disclosure  could also  be  in  contravention of  court                                                                    
     restraining orders for noncustodial  parents.  There is                                                                    
     furthermore a  potential for a disclosure  to strangers                                                                    
     posing  as  parents.     That's  exposing  children  to                                                                    
     Three,   children,   especially   in   the   years   of                                                                    
     adolescence,  should be  able to  investigate sensitive                                                                    
     information  in  a  safe and  secure  environment  that                                                                    
     maximizes the  use of accurate  and scholarly  data and                                                                    
     information.   Librarians  -  like other  professionals                                                                    
     such as  counselors, psychiatrists, police -  respect a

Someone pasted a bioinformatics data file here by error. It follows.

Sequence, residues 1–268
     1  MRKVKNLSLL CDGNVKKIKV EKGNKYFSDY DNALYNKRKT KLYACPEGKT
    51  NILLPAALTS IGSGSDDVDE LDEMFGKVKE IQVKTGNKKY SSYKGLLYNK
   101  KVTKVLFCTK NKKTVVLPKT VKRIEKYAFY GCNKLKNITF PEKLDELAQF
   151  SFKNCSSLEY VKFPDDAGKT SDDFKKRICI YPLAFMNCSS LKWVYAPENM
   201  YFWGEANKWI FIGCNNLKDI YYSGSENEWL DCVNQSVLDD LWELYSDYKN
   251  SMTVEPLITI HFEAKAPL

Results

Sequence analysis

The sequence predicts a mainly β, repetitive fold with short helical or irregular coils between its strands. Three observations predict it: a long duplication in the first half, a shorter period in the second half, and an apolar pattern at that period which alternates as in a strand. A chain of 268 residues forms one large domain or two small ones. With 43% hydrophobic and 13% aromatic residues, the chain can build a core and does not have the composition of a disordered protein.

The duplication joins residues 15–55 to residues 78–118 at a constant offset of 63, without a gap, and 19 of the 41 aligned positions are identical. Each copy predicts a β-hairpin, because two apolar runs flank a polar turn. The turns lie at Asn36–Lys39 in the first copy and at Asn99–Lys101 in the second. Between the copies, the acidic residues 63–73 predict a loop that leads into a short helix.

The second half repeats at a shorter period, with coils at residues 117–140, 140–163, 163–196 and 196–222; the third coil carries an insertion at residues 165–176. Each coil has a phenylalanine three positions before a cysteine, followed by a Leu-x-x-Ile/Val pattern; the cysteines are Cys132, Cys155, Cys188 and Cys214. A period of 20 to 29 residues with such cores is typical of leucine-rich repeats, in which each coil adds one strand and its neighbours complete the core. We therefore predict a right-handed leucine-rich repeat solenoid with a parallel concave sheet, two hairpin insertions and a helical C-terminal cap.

child's  right to  privacy and  do not  release certain                                                                    
     information  to parents  under similar  confidentiality                                                                    
     Four, the  university library staff, which  do not have                                                                    
     access to records on student  family or age status, may                                                                    
     be  held  liable  if  library  records  were  illegally                                                                    
     disclosed.    Five,  the legislation  places  an  undue                                                                    
     financial  burden   on  many  of   Alaska's  libraries;                                                                    
     disclosure  of  reading  material  for  some  libraries                                                                    
     would require either significant  staff time for a hand